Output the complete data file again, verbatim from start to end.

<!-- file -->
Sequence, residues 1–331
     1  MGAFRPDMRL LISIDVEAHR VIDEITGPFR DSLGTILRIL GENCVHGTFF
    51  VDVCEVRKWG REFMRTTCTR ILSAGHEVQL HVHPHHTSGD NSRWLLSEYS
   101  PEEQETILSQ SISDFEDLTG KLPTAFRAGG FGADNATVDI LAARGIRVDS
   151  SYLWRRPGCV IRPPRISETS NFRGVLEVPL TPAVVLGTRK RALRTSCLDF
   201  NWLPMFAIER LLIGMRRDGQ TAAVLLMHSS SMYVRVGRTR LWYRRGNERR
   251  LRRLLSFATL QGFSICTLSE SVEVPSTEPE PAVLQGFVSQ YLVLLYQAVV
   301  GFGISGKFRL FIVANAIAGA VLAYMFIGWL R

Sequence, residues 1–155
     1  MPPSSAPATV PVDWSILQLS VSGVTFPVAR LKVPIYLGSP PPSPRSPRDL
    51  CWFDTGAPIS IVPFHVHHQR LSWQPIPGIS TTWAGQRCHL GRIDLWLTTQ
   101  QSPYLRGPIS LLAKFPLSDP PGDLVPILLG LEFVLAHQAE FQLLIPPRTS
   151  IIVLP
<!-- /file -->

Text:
Sequence, residues 1–331
     1  MGAFRPDMRL LISIDVEAHR VIDEITGPFR DSLGTILRIL GENCVHGTFF
    51  VDVCEVRKWG REFMRTTCTR ILSAGHEVQL HVHPHHTSGD NSRWLLSEYS
   101  PEEQETILSQ SISDFEDLTG KLPTAFRAGG FGADNATVDI LAARGIRVDS
   151  SYLWRRPGCV IRPPRISETS NFRGVLEVPL TPAVVLGTRK RALRTSCLDF
   201  NWLPMFAIER LLIGMRRDGQ TAAVLLMHSS SMYVRVGRTR LWYRRGNERR
   251  LRRLLSFATL QGFSICTLSE SVEVPSTEPE PAVLQGFVSQ YLVLLYQAVV
   301  GFGISGKFRL FIVANAIAGA VLAYMFIGWL R

Sequence, residues 1–155
     1  MPPSSAPATV PVDWSILQLS VSGVTFPVAR LKVPIYLGSP PPSPRSPRDL
    51  CWFDTGAPIS IVPFHVHHQR LSWQPIPGIS TTWAGQRCHL GRIDLWLTTQ
   101  QSPYLRGPIS LLAKFPLSDP PGDLVPILLG LEFVLAHQAE FQLLIPPRTS
   151  IIVLP